It's fun having a last name that comes from a clan in Scotland. Sure, the MacFarlanes are a small clan, but that's only because they stole cows from the Calhouns and all their men kept getting killed off (or so I'd been told). I found plenty of women's names on gravestones in my trip to Scotland with MacFarlane as their middle name ... not so many men. But I'd always thought that MacFarlane's Lantern referred to the full moon when the MacFarlanes would go cattle raidin'.

Today I found this post on Strange Maps about Scottish tartans and history, of interest to anyone with one of those 16 last names, and I saw immediately that it had a different version of history:
(15) Clan MacFarlane
In past, more violent times, the Moon in Scotland was known as MacFarlane’s Lantern, for the clan was famous for its daring night-time raids on the English during Scotland’s Wars of Independence. The last chieftain of this once much-feared clan died in 1886, since which time its chiefship is dormant, although the clan remains armigerous.

So I'm torn -- do I want my ancestors to be brave or rascals? What would you choose? I'll reconcile the two by imagining them raiding British cattle.

When I visited the old clan grounds in my Scotland trip, I was aware of the chiefship vacancy, but I couldn't find out how to apply ... probably involves something horrible like animal sacrifices or caber tosses or, worst of all, eating haggis.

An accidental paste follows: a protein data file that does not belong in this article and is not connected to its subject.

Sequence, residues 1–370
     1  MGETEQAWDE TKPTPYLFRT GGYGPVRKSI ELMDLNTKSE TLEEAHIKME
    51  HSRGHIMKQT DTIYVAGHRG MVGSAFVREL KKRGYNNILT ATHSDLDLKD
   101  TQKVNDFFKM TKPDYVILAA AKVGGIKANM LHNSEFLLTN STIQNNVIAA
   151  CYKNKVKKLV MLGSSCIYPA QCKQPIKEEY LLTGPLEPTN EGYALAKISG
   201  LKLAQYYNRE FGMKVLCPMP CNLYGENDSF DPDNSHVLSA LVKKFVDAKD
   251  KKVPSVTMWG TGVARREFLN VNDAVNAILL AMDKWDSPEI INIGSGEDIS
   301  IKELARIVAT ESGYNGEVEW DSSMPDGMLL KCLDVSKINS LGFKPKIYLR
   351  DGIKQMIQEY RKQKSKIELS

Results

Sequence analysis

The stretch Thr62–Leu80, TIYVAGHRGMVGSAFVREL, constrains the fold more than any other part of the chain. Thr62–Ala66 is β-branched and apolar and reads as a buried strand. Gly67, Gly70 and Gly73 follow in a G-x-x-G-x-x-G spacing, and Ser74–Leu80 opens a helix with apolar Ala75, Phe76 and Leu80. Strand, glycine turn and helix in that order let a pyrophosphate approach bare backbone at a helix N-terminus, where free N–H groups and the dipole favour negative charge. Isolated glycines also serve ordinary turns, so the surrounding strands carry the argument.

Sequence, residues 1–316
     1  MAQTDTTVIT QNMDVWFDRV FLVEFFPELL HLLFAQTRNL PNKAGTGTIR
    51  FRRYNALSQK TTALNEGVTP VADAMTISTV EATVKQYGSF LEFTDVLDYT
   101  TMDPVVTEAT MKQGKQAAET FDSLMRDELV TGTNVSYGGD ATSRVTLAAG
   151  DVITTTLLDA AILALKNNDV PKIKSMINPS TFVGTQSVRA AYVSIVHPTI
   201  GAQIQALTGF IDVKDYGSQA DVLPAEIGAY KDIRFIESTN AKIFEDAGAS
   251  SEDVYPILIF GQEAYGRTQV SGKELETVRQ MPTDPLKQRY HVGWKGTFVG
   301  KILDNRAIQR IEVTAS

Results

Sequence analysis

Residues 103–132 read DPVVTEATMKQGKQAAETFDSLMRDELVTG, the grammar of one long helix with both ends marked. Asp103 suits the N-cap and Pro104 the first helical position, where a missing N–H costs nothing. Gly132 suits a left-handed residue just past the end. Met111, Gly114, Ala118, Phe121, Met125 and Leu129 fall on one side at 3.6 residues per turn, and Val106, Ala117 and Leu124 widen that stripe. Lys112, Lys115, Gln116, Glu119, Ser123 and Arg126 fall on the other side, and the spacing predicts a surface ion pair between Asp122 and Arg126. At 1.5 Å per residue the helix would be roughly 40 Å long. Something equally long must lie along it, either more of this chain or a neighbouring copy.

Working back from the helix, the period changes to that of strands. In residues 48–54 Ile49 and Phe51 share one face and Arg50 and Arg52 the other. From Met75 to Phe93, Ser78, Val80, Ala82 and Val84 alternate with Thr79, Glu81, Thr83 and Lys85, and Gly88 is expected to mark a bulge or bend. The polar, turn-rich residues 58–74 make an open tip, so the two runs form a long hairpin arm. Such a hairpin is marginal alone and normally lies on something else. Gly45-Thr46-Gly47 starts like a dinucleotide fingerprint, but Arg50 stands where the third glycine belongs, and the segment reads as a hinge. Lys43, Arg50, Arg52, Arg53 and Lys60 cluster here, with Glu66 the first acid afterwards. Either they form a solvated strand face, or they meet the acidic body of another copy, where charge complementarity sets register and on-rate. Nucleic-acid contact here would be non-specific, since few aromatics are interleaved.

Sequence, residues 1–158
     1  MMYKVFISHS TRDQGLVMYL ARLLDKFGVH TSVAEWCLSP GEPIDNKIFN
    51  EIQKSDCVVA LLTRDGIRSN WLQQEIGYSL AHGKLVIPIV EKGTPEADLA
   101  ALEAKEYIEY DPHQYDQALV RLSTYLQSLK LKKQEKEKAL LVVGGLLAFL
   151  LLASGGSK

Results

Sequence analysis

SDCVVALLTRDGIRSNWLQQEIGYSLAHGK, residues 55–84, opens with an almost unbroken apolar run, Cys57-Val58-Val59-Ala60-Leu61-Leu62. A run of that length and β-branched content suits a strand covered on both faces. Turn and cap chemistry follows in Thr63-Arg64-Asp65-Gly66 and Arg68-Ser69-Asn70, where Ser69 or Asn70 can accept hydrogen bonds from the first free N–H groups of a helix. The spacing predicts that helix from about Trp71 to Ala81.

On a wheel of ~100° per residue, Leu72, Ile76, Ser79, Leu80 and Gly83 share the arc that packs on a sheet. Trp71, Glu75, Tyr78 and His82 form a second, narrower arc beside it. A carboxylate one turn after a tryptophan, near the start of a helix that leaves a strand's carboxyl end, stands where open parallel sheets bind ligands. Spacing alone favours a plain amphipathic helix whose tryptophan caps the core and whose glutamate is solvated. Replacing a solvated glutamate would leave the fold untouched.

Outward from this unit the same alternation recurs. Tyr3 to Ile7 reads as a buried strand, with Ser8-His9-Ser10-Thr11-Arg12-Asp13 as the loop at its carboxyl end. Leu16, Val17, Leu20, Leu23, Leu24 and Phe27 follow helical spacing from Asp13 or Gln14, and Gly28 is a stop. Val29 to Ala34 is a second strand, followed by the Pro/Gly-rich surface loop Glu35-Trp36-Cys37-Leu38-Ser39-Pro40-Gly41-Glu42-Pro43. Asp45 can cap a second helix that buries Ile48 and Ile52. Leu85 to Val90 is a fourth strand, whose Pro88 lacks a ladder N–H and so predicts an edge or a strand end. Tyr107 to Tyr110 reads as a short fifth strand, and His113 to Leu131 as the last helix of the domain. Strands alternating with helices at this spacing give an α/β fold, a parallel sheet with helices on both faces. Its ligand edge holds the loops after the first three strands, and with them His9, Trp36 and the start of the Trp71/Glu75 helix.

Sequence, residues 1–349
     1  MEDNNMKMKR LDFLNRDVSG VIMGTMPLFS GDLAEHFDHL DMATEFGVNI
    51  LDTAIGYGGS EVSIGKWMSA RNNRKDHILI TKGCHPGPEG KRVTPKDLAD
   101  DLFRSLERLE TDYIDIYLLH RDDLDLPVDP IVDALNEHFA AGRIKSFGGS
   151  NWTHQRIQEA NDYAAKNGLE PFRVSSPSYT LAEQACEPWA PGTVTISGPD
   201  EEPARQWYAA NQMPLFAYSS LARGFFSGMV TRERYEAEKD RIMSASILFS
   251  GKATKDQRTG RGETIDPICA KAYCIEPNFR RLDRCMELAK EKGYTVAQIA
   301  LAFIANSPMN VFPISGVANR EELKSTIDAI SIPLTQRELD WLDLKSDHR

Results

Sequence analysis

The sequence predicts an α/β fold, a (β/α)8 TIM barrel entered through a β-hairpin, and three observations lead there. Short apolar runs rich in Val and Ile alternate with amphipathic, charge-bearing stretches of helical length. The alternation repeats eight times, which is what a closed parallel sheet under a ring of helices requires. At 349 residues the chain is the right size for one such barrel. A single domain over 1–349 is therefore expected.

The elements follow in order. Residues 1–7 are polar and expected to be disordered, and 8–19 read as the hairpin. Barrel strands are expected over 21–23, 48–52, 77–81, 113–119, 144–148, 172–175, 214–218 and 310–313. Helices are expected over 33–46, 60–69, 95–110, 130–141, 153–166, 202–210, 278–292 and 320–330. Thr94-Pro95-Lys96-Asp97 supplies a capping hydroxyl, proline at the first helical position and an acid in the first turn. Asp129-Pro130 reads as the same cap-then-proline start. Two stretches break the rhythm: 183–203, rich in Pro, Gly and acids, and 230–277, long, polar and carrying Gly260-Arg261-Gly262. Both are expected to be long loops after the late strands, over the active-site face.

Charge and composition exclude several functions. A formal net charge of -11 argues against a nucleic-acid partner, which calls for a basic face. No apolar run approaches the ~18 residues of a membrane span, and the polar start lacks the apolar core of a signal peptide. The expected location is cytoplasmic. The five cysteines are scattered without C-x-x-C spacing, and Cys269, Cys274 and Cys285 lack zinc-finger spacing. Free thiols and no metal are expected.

Music as Medicine

As a pre-med advisor who's married to a musician (and as someone who sort of collects inspirational academic speeches as a hobby), I thought this Welcome Address to The Boston Conservatory really nailed a lot of why we do what we do. Read the whole thing by clicking on that link ... or if you really need to cut to the chase, this is the conclusion and heart of it:

"If we were a medical school, and you were here as a med student practicing appendectomies, you'd take your work very seriously because you would imagine that some night at two AM someone is going to waltz into your emergency room and you're going to have to save their life. Well, my friends, someday at 8 PM someone is going to walk into your concert hall and bring you a mind that is confused, a heart that is overwhelmed, a soul that is weary. Whether they go out whole again will depend partly on how well you do your craft.